Principal ponderings...

I have read about, favorited, and researched several different resources over the past few weeks.  And now it's time to share some of those resources here!

Check out this awesome post that I found on Twitter last week; it has 20 formative assessment tools for your classroom:

This next resource is epic.  No seriously, the site is literally 'getepic.'  Educators have free access to thousands of kids' books.  Check it out:

I just shared this cool resource with Liz Hilton, but I wanted to make sure that everyone knew about it.  It's called and it has all sorts of lower level books that students can have read to them.  The have have the story written in English or Spanish and you can have the story read to you in English or many other languages.

Ok, don't get overwhelmed by this post; it's the 90 hottest edtech tools according to education experts: .  You don't need to read or explore every single one...just pick one that catches your eye.  Some that I love...GoNoodle, ThingLink, and Padlet.

I have not played around with this one much, but I have heard educators recommend this before: . There is a free component and the purpose is to make lessons even more engaging for your students.

I am sharing too many resources at one time.  Don't be intimidated.  It only takes one new tool, one new resource.  Our students deserve for us to step out of our comfort zone and try something new in order to expose them to new ways to learn, new ways to collaborate, and new ways to share what they know.  Happy exploring!

Currently reading:
I finished reading Harbor Me by Jacqueline Woodson.  This is a quick read, but has such an important message that will stay with you long after you finish reading.  She tackles tough topics related to racism, immigration, and the idea of the American dream through the eyes of 5th graders.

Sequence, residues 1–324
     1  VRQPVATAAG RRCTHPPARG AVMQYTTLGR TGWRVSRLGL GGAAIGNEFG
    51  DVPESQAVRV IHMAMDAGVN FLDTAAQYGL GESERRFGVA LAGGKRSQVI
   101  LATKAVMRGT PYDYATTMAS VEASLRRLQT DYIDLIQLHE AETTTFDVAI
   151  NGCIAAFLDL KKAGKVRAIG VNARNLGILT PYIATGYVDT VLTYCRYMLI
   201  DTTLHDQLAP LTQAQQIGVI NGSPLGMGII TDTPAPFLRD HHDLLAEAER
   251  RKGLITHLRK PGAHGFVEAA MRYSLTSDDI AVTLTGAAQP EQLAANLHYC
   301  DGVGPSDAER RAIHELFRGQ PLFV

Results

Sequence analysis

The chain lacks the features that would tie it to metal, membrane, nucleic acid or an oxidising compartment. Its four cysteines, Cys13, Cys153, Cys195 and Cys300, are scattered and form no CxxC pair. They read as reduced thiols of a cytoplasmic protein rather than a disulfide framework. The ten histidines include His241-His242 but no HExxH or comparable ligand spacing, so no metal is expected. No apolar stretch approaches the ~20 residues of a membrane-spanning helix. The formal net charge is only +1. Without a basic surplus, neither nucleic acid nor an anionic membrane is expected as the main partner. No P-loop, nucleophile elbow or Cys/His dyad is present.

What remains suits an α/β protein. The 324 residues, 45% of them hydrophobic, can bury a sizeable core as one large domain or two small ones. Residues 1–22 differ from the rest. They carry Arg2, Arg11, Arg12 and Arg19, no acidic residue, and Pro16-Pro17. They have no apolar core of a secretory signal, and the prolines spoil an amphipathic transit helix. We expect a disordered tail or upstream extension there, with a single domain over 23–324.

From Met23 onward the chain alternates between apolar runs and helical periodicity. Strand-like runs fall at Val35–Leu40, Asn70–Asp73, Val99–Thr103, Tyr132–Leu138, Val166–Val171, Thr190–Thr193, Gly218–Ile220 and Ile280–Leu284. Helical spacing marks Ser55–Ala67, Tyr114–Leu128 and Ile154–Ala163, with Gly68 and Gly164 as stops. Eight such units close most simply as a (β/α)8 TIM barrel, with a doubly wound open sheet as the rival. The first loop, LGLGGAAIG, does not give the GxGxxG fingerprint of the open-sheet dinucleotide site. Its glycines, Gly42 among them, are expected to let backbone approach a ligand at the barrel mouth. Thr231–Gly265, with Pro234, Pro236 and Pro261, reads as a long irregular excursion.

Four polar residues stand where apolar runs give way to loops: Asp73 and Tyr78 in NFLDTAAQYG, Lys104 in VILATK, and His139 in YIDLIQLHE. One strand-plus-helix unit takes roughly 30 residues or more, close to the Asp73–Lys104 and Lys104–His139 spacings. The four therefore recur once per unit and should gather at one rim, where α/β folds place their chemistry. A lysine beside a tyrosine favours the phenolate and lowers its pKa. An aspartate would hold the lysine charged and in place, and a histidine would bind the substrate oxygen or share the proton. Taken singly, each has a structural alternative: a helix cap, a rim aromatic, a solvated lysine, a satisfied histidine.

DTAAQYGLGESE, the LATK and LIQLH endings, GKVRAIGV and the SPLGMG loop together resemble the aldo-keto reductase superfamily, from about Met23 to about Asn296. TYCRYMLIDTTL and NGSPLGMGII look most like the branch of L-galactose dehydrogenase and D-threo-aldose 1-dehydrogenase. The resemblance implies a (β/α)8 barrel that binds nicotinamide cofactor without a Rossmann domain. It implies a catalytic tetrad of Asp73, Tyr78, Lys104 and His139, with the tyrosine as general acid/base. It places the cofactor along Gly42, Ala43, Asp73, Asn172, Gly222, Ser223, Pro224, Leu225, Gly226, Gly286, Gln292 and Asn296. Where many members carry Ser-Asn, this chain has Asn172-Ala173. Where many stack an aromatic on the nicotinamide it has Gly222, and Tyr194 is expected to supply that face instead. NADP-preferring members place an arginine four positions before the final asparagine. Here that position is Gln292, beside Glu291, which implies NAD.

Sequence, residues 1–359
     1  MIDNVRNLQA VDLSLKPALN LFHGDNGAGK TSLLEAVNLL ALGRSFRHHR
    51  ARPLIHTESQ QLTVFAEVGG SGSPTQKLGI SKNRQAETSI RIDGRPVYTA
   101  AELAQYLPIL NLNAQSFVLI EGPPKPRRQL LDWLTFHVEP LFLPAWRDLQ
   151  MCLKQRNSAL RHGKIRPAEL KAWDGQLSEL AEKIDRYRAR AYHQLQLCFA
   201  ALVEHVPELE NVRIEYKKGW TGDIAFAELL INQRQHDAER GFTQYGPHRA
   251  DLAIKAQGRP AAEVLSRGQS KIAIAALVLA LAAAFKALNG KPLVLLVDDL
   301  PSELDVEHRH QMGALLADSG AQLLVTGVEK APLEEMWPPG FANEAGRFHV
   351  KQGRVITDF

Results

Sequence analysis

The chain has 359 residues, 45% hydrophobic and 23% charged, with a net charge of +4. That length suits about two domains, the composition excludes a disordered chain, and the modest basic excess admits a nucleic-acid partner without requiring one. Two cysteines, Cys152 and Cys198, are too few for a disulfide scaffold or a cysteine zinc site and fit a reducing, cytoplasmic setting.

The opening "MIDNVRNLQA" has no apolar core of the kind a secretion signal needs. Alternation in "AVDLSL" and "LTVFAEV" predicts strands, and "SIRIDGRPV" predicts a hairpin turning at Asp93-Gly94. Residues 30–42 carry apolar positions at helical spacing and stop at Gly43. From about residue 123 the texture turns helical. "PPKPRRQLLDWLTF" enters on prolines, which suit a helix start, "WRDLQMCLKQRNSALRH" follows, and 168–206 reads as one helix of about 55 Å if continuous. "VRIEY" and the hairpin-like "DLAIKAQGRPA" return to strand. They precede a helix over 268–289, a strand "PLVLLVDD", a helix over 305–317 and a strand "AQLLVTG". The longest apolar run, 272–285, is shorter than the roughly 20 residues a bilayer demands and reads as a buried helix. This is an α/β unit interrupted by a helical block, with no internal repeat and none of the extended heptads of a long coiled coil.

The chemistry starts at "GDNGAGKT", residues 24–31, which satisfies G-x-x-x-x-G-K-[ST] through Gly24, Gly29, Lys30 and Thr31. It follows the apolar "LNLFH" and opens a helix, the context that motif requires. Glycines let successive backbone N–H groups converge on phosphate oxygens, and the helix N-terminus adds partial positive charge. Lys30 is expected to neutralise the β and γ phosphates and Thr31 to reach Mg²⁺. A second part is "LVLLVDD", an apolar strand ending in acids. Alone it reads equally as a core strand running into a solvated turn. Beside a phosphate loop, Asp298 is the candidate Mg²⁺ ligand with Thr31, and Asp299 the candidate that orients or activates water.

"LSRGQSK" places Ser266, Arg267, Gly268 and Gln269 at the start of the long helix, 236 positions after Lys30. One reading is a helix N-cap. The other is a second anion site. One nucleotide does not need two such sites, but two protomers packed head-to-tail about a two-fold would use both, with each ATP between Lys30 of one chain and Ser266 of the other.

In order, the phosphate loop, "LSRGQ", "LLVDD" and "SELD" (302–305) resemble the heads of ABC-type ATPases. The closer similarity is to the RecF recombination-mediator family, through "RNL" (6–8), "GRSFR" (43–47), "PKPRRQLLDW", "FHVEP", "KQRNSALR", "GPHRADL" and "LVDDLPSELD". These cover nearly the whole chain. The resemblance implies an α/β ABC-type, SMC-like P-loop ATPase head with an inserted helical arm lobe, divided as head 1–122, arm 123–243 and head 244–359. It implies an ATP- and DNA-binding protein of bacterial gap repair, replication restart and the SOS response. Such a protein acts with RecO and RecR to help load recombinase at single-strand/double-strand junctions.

On a lighter note, Emerson and I enjoyed reading one of the Mo Willems books that we got from the book fair, I Lost My Tooth!  There are tons of funny squirrel characters and  not only does the book have stories, it also has jokes, quizzes and some research facts mixed into it.  Here is quick little video clip promoting the book...

And he has said this is Book 1 so it looks likes we can look forward to more of these books!
I also started reading the book The Serpent's Secret.  Several students and principal friends have recommended this book so I am excited to dive into it next! 

Events this week:
Tuesday - Election Day, No School for students, PD Day for teachers
Wednesday - Staff Meeting @ 8:00 in the library
Friday - Report cards are available to parents

Great things I noticed last week:

  • 4th graders were working on creating more interesting intros to their opinion pieces...which is better a dog or a cat for a pet? 
  • 2nd graders found the spot that worked best for them as they focused on writing and editing small moment stories. 
  • Mayo was so lucky to have April Jones Prince, a local author, spend the day with us.  She shared many of her books and her experience as a writer.  My favorite was her idea box where she even had a napkin that she had jotted ideas down on and tucked into her idea box.  She donated her Twenty-One Elephants book to our library, and she might be donating some birthday books! 
  • Of course the highlight of the week was the Mayo Literacy Parade!  So many books represented and displayed!  We had perfect weather, and all of our families seemed to have a great time.   Here are just a few of the photos from the day...

Check it out:
I can't remember if I already shared this video with you, but it is one of my favorites and deserves to be watched and rewatched many times!